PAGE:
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Posts Tagged ‘Ondatra zibethicus’

In the early morning hours at Huntley Meadows Park this past weekend, a tiny muskrat (Ondatra zibethicus) silently swam to the shore and began to forage for food in the vegetation at the water’s edge. It was a peaceful moment, a perfect start to a beautiful day.

muskrat

© Michael Q. Powell. All rights reserved

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I am not completely certain what these two muskrats (Ondatra zibethicus) were doing on Monday at Huntley Meadows Park. It may have been only grooming, but to me it looks like muskrat love.

muskrat love

© Michael Q. Powell. All rights reserved

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I am not exactly sure what was going on, but this muskrat (Ondatra zibethicus) seemed to be really struggling in the open water one afternoon last week as the strong wind gusts made the water really choppy at Huntley Meadows Park. Normally muskrats use their tails as a source of underwater propulsion, but it seemed really unusual to see a muskrat’s tail completely out of the water.

A Wikipedia article noted that muskrat tails are covered with scales rather than hair, and, to aid them in swimming, are slightly flattened vertically, which is a shape that is unique to them. I somehow had always thought of muskrat tails as being long and skinny, but, as the image shows, their tails are quite substantial.

I can’t tell for sure, but it looks like the muskrat may be carrying something in its mouth and/or front paws. Is that why it was seeking to balance itself with its tail? For now it remains a mystery, but I think I will go back over the other photos that I took of this muskrat to see if I can find an answer.

muskrat

© Michael Q. Powell. All rights reserved

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This muskrat (Ondatra zibethicus) was so close yesterday morning at Huntley Meadows Park that I almost stepped back off of the edge of the slippery boardwalk as I tried to make sure that I was within the focusing range of my telephoto zoom lens.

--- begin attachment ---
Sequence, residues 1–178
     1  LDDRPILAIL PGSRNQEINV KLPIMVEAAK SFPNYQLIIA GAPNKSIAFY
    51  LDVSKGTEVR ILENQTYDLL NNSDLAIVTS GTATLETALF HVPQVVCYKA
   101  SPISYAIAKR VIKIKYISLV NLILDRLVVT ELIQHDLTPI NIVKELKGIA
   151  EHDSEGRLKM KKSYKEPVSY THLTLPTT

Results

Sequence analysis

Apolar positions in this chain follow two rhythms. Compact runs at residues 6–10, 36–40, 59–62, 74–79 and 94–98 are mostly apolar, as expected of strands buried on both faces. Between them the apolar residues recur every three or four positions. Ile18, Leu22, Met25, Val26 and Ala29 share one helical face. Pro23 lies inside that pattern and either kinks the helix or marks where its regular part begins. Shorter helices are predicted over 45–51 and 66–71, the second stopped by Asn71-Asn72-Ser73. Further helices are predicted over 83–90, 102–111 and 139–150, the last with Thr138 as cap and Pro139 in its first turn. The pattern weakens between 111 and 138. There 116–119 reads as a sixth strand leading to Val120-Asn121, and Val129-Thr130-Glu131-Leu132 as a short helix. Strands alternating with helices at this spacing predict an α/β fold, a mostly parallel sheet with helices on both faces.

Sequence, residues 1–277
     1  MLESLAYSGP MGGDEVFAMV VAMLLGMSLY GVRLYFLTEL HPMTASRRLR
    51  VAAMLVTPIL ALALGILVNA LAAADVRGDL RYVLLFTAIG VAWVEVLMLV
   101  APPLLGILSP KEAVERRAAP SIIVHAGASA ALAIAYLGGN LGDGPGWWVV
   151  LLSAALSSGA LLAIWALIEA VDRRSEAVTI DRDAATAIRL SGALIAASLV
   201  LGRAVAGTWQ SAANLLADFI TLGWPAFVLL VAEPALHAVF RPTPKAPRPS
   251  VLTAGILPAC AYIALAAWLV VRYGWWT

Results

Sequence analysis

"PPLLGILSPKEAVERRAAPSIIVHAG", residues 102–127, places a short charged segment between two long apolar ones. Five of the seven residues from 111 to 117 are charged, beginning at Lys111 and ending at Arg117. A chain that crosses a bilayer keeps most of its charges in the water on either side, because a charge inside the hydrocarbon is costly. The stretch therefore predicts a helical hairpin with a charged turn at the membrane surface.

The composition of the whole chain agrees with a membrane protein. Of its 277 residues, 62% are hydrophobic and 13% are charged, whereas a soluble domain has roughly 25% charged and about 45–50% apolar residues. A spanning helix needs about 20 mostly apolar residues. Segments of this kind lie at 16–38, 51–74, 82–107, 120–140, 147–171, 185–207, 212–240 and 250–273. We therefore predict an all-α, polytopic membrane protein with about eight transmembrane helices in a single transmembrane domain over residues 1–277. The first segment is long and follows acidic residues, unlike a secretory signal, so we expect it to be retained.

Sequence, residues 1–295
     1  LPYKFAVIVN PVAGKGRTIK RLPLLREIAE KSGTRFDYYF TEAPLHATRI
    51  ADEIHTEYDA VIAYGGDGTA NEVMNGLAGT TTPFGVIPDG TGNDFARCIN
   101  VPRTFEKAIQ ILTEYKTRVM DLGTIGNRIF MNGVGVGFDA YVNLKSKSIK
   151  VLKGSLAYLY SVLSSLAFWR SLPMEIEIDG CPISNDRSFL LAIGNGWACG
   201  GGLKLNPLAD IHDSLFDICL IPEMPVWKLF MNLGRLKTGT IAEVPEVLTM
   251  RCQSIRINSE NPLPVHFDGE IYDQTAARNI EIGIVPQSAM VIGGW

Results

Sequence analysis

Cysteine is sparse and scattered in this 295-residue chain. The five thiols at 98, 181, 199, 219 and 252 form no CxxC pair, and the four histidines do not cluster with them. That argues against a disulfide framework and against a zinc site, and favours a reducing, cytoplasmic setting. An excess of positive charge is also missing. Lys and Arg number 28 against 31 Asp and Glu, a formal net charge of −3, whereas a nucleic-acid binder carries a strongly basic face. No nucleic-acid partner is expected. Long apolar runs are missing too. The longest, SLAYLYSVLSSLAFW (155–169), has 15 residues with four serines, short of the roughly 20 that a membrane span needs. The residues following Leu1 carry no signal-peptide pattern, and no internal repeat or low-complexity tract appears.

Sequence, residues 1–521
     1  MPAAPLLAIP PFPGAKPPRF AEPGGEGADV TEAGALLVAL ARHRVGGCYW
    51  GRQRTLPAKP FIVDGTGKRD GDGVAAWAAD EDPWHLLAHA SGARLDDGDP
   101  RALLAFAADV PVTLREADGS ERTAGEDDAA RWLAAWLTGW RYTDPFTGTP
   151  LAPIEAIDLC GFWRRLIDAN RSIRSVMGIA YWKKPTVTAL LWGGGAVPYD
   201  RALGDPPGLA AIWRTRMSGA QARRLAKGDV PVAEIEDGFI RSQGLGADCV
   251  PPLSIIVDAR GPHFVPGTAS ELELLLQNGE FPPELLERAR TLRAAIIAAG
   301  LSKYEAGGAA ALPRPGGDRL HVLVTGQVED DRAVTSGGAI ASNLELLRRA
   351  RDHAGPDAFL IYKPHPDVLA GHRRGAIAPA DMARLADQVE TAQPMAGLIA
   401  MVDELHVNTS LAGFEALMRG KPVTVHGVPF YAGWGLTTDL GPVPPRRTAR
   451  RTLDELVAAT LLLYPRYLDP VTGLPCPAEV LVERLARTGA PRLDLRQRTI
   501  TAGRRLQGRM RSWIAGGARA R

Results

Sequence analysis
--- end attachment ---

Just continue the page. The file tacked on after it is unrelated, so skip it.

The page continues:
I ended up wet from the intermittent rain, but managed to avoid falling into the water.

muskrat

© Michael Q. Powell. All rights reserved.

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It has been quite a while since I have seen any mammals other than squirrels, dogs, and humans at Huntley Meadows Park. Although I long to spot a fox, beaver, or even a coyote (someone saw one recently in one of the remote areas of the park), I was quite happy when I caught sight recently of a little muskrat (Ondatra zibethicus) as it munched away on some vegetation. The sound of my camera’s shutter or my movement must have alerted the muskrat to my presence and within seconds the furry creature disappeared beneath the surface of the water.

muskrat

© Michael Q. Powell. All rights reserved.

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As I was walking along the boardwalk at Huntley Meadows Park on Monday, a lady with binoculars around her neck vigorously motioned to me and pointed downwards. A muskrat (Ondatra zibethicus) was foraging in the vegetation almost directly below the raised observation deck on which she was standing and she correctly assumed I’d be interested—it might have had something to do with the enormous zoom lens that was prominently attached to my camera.

I don’t see muskrats very often, so it was a treat to get a relatively unobstructed view of one. The muskrat used its “hands” to hold the leafy vegetation as it delicately nibbled on its lunch. The muskrat seemed so prim and proper that I almost expected to see it use a napkin to wipe its lips when it was done.

From this overhead angle, the muskrat looked a bit like a beaver, but the undulations of its long, thin tail as it swam away left no doubts that it was a muskrat.

muskrat

© Michael Q. Powell. All rights reserved.

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For the second time in two weeks I spotted a muskrat (Ondatra zibethicus) at my local marshland park this past Monday and I was able to get some shots at even closer range that the last time.  (At my closest, I was well within ten feet (three meters) of the little muskrat). I was on a boardwalk above the level of the water and I hung over the edge in an effort to get some shots at close to eye level.

The muskrat was a really small one and paid very little attention to me. It concentrated in pulling some of the vegetation out of the plants at water’s edge and them chewing on them while in the water. Once again, I was amazed at the dexterity of the front paws, which functioned as hands to get the food into the muskrat’s mouth.

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© Michael Q. Powell. All rights reserved

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